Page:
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When the CMB temperature is calculated does it take into account photons absorbed by gas clouds and dust over billions of years?

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If you receive CMB photons then those photons haven't been absorbed.

The CMB spectrum is modified by absorption and emission (mainly) along the line of sight. Particularly due to dust in our own Galaxy and even in our own Solar System. These are small perturbations and are taken into account when analysing the CMB.

Only a tiny fraction of CMB photons can have been absorbed. There are about a billion photons for every proton in the universe and that ratio is thought to be very similar now to what it was when the CMB was produced. Even if every atom in the universe could somehow absorb a CMB photon (they can't and most protons are not in atoms) this could only remove one billionth of the photons.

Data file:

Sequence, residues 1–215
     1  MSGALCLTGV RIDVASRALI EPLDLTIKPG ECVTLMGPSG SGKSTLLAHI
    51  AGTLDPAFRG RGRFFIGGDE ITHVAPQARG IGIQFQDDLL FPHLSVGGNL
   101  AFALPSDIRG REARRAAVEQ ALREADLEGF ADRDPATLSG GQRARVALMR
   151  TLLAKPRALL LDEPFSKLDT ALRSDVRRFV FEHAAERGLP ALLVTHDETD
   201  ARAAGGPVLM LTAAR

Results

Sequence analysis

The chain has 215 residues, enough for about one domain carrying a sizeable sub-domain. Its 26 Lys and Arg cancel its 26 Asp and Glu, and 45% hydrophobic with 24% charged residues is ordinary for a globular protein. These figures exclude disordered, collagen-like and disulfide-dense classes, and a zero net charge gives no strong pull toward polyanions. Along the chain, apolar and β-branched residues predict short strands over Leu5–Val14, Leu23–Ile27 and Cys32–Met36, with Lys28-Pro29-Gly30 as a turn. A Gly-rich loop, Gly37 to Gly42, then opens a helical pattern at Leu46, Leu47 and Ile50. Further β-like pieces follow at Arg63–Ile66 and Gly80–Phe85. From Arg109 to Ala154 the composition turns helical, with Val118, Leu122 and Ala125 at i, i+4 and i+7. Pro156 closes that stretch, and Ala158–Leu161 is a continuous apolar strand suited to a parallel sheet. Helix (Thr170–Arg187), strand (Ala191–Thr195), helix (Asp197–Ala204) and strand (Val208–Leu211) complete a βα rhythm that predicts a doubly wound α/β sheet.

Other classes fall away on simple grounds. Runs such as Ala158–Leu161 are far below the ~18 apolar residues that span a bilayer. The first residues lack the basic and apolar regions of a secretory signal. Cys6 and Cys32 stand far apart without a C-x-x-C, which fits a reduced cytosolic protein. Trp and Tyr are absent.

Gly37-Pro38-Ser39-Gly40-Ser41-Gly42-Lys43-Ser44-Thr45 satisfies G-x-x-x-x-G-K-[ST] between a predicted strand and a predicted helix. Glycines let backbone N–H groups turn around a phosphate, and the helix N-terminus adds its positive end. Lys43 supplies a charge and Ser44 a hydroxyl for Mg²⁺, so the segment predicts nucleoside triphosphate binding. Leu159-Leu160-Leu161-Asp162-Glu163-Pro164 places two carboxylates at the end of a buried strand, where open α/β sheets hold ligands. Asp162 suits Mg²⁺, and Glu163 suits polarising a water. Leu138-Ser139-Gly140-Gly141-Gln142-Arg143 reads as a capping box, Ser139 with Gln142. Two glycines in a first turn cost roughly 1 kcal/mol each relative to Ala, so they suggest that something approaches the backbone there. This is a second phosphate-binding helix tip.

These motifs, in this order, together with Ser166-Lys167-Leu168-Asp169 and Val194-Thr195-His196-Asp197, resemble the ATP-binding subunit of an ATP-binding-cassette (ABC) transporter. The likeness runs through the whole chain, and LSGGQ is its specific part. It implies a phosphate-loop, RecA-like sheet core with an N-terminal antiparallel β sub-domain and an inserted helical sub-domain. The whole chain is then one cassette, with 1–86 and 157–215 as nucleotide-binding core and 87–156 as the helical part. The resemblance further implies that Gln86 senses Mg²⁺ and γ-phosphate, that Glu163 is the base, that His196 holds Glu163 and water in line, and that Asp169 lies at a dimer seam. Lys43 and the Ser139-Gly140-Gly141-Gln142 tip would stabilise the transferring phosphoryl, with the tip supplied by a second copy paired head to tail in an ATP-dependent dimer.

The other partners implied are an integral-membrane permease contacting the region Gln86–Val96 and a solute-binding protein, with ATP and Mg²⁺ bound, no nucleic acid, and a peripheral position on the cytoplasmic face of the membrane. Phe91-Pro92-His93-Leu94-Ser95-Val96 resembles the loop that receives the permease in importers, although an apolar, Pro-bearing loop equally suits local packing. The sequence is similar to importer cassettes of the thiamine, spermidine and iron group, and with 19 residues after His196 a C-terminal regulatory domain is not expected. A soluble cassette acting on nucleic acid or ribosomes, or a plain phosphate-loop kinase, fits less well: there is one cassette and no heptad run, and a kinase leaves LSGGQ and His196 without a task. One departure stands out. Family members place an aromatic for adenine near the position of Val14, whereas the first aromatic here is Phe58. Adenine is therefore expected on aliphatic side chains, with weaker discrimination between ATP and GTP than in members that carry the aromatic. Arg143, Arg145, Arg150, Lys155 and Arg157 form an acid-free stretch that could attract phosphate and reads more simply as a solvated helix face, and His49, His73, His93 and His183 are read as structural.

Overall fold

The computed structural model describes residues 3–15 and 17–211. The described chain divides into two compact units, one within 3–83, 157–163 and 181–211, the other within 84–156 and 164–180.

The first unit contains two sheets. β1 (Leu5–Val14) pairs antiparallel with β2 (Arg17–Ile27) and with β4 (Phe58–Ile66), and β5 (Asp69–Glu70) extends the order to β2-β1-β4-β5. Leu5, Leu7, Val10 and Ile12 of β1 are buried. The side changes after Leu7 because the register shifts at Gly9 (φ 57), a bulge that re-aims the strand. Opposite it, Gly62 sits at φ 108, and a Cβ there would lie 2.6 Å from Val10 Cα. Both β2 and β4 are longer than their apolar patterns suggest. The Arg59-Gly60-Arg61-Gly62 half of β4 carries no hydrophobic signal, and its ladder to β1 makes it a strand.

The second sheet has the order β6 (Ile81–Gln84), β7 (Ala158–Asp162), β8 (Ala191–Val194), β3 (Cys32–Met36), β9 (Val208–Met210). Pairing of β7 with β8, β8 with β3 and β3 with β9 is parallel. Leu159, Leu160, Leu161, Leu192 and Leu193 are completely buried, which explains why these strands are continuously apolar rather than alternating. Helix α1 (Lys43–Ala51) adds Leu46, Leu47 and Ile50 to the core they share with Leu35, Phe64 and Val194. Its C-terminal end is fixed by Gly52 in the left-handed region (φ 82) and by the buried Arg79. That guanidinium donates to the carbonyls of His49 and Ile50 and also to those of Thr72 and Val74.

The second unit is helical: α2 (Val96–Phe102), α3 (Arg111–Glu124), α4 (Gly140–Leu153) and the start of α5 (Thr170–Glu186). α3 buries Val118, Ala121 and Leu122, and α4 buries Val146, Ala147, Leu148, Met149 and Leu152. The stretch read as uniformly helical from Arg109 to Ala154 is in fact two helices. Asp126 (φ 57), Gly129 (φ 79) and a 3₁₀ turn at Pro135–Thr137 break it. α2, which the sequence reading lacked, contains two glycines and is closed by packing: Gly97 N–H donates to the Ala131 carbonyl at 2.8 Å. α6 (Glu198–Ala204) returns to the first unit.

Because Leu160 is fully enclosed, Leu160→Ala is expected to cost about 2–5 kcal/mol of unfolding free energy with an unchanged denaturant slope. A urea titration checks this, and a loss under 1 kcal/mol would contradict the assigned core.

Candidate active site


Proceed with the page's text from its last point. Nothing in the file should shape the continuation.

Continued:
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    $\begingroup$ To be clear, CMB photons can be absorbed, but emission or re-emission along the line of sight is not, by definition, a CMB photon. But, technically, what you wrote is correct in that the spectrum one measures when looking for the CMB photons is modified by emission along the line of sight. $\endgroup$
    – eshaya
    Jun 2, 2023 at 18:29

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